Last week Latin America focused platform provider and game developer Spieldev rebranded to Vibra Gaming, targeting further growth in a region dubbed as “a sleeping giant”.
With Leander Games co-founders Ramiro Atucha and Marcelo Blanco also joining with a goal of taking the firm to the next level, it comes as the pair follow months of work undertaken alongside Spieldev founder Fernando Rivas.
Taking up roles as CEO, CTO and COO respectively, with a target set of adding “a new generation of Brazilian video bingo and video slots” to its existing offering, the former has been speaking to CasinoBeats about differing player preferences and LatAm potential.
CasinoBeats: What attracted you to Vibra Gaming and what role will you play in expanding the business over the coming months?
Ramiro Atucha: Finding a group of partners and a team that shared my vision for this project, and the support to take this forward, played a key role in my involvement. In this project I’ve got the chance to bring together the best talent with whom I had the privilege to work throughout my entire career.
LatAm is coming up as the next big market in our industry, and I feel that our understanding of that market plus our learning over the past 10 plus years of the regulated European market, gives us a chance to offer a differential to our present and future partners.
CB: Why do you see so much potential in the LatAm market? What are the challenges and how can they be overcome?
RA: Us Latin Americans love to gamble. It is within our culture and history. I had the chance to study and explore the gambling market in LatAm, in places where gambling is not regulated and unwanted street markets flourish. And even in locations where land-based gambling is regulated some levels of street market is still there. The population always seem to find a way to play online, sometimes even just for fun.
Not regulating deprives each of those countries of the chance to tax and control it and at some point I’m sure that reason will overcome prejudice over this matter. Correctly regulated gambling can be a healthy way of entertainment, great source of employment and an amazing contributor to government taxes.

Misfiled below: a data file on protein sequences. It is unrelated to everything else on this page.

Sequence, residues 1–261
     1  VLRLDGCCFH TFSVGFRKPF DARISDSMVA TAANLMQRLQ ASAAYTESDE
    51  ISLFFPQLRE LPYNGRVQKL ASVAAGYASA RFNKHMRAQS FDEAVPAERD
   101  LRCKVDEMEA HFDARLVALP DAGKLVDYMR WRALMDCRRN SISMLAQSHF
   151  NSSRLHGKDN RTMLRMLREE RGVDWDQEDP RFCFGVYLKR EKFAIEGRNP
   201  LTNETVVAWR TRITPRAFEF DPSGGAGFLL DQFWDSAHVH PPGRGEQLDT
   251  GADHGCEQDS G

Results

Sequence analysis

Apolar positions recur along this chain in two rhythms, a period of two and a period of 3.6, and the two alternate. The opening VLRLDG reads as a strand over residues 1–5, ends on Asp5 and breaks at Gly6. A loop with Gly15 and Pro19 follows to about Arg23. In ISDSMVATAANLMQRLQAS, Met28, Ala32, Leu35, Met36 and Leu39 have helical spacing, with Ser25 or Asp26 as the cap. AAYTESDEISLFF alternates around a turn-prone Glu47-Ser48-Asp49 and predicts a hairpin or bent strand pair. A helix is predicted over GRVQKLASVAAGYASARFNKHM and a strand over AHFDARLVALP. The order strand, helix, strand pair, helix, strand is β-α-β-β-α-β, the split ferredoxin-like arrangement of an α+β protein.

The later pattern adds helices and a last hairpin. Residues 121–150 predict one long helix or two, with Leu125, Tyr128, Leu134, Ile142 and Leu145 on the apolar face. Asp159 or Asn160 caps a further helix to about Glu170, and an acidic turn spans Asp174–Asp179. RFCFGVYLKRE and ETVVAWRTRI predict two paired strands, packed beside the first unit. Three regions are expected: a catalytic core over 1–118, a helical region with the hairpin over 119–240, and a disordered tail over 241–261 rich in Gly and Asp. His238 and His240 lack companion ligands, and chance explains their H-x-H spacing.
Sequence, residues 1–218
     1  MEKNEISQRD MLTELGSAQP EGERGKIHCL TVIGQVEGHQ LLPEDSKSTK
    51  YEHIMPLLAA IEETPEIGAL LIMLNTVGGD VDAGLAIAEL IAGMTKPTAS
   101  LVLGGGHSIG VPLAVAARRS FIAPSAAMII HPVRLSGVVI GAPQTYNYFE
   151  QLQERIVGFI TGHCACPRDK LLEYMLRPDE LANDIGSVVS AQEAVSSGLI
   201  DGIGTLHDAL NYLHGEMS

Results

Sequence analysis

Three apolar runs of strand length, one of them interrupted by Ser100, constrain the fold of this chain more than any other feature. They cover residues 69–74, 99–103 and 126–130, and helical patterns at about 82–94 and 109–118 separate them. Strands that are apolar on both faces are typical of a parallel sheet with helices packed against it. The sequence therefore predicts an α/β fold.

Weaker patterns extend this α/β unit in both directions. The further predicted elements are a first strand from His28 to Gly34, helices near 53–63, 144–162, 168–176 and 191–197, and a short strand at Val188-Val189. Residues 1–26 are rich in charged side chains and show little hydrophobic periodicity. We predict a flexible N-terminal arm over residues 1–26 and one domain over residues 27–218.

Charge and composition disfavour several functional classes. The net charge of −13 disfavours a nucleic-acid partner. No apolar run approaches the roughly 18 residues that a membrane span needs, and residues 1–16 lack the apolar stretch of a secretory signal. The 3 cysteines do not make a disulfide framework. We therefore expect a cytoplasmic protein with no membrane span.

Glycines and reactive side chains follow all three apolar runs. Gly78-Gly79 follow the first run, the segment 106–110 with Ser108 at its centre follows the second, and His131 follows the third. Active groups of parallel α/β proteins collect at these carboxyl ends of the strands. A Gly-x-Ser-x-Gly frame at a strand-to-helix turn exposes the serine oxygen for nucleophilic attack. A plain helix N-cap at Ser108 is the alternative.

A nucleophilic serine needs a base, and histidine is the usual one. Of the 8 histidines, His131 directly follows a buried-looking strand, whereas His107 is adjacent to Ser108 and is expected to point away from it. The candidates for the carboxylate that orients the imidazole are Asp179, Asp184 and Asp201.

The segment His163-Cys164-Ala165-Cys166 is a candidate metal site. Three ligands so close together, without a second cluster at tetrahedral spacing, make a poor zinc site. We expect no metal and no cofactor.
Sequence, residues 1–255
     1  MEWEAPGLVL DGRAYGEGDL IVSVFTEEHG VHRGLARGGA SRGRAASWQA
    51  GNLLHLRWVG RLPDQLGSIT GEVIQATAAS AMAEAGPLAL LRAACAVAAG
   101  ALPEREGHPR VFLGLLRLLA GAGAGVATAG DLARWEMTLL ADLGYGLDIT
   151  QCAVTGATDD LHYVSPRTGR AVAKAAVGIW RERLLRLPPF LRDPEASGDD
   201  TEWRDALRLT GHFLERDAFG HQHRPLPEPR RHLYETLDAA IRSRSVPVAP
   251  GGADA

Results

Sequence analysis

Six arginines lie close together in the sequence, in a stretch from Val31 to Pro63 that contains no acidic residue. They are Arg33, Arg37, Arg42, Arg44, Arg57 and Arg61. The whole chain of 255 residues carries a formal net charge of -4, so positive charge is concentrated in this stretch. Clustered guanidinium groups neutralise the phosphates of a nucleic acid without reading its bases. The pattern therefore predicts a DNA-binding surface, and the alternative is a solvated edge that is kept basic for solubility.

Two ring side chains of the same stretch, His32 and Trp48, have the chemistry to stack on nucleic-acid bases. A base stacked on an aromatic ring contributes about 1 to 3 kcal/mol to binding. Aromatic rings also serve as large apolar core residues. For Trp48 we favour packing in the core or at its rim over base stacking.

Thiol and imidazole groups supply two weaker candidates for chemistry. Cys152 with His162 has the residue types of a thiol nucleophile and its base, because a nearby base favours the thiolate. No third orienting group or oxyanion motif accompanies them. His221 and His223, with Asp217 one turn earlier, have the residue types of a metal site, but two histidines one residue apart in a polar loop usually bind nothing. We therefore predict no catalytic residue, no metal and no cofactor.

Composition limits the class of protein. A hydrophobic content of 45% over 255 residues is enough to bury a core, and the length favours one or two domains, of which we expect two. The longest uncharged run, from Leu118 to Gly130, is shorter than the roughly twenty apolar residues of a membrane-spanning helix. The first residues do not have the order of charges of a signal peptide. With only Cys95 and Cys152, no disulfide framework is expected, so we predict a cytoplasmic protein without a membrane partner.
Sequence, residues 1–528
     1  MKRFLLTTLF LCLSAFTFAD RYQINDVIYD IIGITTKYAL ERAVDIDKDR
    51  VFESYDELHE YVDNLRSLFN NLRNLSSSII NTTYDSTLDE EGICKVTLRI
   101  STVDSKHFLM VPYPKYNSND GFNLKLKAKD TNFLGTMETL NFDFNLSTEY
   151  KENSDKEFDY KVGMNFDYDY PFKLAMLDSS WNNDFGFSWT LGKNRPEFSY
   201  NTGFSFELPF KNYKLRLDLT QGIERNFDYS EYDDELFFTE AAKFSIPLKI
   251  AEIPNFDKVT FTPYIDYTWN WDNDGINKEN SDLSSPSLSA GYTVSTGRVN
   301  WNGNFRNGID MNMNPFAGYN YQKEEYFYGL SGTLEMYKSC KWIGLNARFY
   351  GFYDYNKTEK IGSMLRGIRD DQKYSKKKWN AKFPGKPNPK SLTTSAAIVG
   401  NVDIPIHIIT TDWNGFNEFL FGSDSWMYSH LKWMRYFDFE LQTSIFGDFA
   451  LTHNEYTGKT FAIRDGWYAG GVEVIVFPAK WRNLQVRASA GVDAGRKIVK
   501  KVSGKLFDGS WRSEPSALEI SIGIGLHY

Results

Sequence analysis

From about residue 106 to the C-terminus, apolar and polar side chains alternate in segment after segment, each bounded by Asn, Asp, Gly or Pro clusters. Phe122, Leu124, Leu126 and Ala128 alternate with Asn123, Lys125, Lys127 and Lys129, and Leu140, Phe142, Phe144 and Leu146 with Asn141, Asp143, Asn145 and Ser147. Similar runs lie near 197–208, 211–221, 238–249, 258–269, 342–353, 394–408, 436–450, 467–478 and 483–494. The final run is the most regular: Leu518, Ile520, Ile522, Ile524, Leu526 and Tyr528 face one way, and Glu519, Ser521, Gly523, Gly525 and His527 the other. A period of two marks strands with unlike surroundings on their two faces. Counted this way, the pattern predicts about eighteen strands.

The main challenge is to overcome such prejudice, manage to have an open conversation with regulators in each country and progress in the regulation process.
Success and failure cases need to be jointly analysed as to avoid lack of control, monitor and support of problem gamblers and avoid under taxation as much as over taxation. This needs to be a strong and healthy partnership that contributes to the wellbeing of each market, but that is also reasonably profitable.
CB: How do player preferences differ in LatAm market such as Brazil to, say, established markets like the UK?
RA: Brazil is an exceptional case. By mid 2000’s gambling was completely banned, at that time specific types of games were leading the street markets, for example video bingo and some very specific slot types. Any project aiming to casino games in Brazil (once it regulates) needs to consider that as a starting point.
We also need to consider that the Brazilian market is a lot less mature than markets like the UK, where gambling has been present and developed for years. Some operators tend to see the present as a picture instead of looking at it as a frame of a video.
Under that ‘picture’ concept they state that “players in our country do not like slots, they only like sports betting”. The truth is sports betting is a starting point because of our natural interest for sport, and casino games need a learning curve.
The operators understanding this as an opportunity instead of a limitation will take the time and make the effort to consider their starting point, provide friendly and localised casino content. In my opinion those will make a difference.
The rest of the markets in LatAm need to be analysed with the same detail. Each of them have a different relationship and history with gambling, different regulations that shaped what they had access to, and different types of maturation.
CB: What can operators targeting the region do to ensure they provide players with a localised product they will want to engage with?
RA: First off, they need to consider that localisation is more than translating games and platforms to neutral Spanish and Portuguese and enabling the additional currencies. If they go with the standard offering at the beginning, they will not have huge traction with local players and, in time, players will start to play. Now, the ones that take the time to seriously localise their content and understand the right offering for that market will have a head start against the ones offering their standard content.
CB: Anything else to add about Vibra and the LatAm market?
RA: In LatAm, operators will normally find companies with long years exploiting the land based markets, but most of them have a limited understanding of online, platform integrations, compliance and the technical standards attached to that.
Over the past 10 or so years most of the members of Vibra have had the opportunity to work with many top operators under most challenging regulatory requirements e.g. UKGC, IOM, Malta, Alderney, Spain, Italy, Gib, etc.
In the past few years we dedicated our time and efforts to understanding how to make such standards compatible with a localised offering for LatAm and built the right platform and content around that. In that context I believe we can help, and we can make their launch and growth in LatAm a lot easier and much more successful.